If you’re struggling to produce high yield crops, here are 7 Ways to Improve Your Garden’s Soil!
Everyone knows that one of the most important variables in gardening is the garden soil’s quality. The soil packers well around plants and allows them to develop a thick root base, and it fertilizes them, getting you a better yield than you would with regular soil (if your plants even so much as survive). Farmers, gardeners, and all plant enthusiasts alike have spent a lot of time since early on in history to find ways to get a good yield.
Most of the time, great soil was always the key. If you’re in New York City and looking to start your own vegetable garden, soil will be where you want to start first!
7 Ways to Improve Your Garden’s Soil
In this article, we’ll be teaching you ways to improve your garden’s soil and hopefully increase the quality of crops and yield!
A Healthy Diet
Billions of organisms live in the soil, and although we can’t see them, it’s important that we keep these little critters alive because they’re the key to helping gardens thrive above ground by recycling nutrients.
Autumn is the perfect season to start incorporating a healthy diet into your soil. By that, we mean you add organic materials to the soil like fallen leaves, garden debris, and kitchen scraps.
Chop them up and add them directly to the top 2 inches of soil, then cover them with mulch. If you have the chance, adding concentrated manures is a really good idea too.
Test, Test, and Test
Soil tests are very important if you’re really into gardening. Taking one when starting a new garden or a new area for your pre-existing garden with new soil. If your garden’s health declines and you see indicators like the decrease in quality of your crops, yields, or even smaller sizes in general, you should take one too.
If a nutrient essential to good garden soil is missing, your plants and soil’s health will suffer. For the best results, we suggest that you take nutrient tests late in the summer or early in fall. Submit the soil tests to a certified laboratory.
Supply What Your Soil Needs
The next best step after testing the soil and finding out what it needs is to provide it. If you’re a seasoned gardener, your several seasons after soil building, you might be losing some of the nutrients you’ve built and added over time.
Assess what the results are from your laboratory test and see how hot you can supplement the lack of some nutrients in your garden soil. Add organic fertilizers and lime to ensure proper nutrition for the season ahead.
You can add like during fall, but if you’ve missed that window, you can add them alongside mineral fertilizers several weeks before planting during spring.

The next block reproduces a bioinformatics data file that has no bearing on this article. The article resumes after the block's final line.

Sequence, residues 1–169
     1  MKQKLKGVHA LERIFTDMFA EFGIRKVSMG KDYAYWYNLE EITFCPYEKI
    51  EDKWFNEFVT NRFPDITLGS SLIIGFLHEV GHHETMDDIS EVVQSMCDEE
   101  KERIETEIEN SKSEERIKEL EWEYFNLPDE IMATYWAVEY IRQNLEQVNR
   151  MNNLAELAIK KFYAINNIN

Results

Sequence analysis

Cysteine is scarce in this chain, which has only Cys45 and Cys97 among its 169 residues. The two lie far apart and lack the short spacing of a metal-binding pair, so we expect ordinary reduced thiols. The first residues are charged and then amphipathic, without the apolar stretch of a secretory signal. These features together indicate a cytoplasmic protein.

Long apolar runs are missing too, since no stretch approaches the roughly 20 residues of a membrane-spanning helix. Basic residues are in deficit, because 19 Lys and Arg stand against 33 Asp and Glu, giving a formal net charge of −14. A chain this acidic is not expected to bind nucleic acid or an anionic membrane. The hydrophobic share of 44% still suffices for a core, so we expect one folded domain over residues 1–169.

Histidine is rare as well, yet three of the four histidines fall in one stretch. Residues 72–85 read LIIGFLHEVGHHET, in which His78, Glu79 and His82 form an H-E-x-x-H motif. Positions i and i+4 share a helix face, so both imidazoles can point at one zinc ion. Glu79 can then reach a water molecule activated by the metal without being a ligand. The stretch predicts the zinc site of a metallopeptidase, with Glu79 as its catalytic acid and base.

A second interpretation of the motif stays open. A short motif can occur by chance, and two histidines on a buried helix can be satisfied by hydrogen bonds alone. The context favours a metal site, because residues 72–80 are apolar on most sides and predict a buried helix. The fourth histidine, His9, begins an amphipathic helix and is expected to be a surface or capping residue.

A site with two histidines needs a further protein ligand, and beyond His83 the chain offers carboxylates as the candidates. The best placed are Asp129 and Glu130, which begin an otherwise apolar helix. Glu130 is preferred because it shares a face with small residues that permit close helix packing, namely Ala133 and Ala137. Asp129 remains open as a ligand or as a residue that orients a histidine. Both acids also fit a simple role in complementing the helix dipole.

Nitrogen is an essential nutrient for plants. Although the living soil will continue to recycle and retain most of the other mineral nutrients, nitrogen will often run low in supply even after years of soil building.
Before planting, ensure that you have sufficient nitrogen by adding organic fertilizers such as blood, seed, or feather meal, which are rich in nitrogen. Incorporate them in your major fertilizers.
Don’t Forget the Worms
Occasionally digging up and captivating the soil is an important factor in gardening. Sometimes cultivating the soil yourself can be taxing, and you might sometimes even forget to do it. A better and more efficient job is to have these little wriggly critters do it for you.
Worms are the backbone of good garden soil. They dramatically improve soil structure and keep up the cycle of nutrients by excreting manure castings.
So, make your garden soil more inviting to worms. You can do this by composting brown and green layers so they’ll have food, and they can thrive undisturbed.
Dry the Soil
Letting the soil dry is something that most people don’t do. But if your soil is wet, it removes all the essential air that your organisms need to live. Don’t push down the soil, making it compact, especially when wet because it takes out all the air, forcing your little critters to evacuate.
Reuse the Perennials
One last thing you can do is to add chipped yard debris and bits from trees to make a unique kind of mulch. When green, they provide valuable nitrogen as a sheet mulch layer. This type of composting mimics the way plant litter falls in nature, but it’s more systematic if you do it.
Don’t forget that your garden soil also needs some love, so try these steps now.
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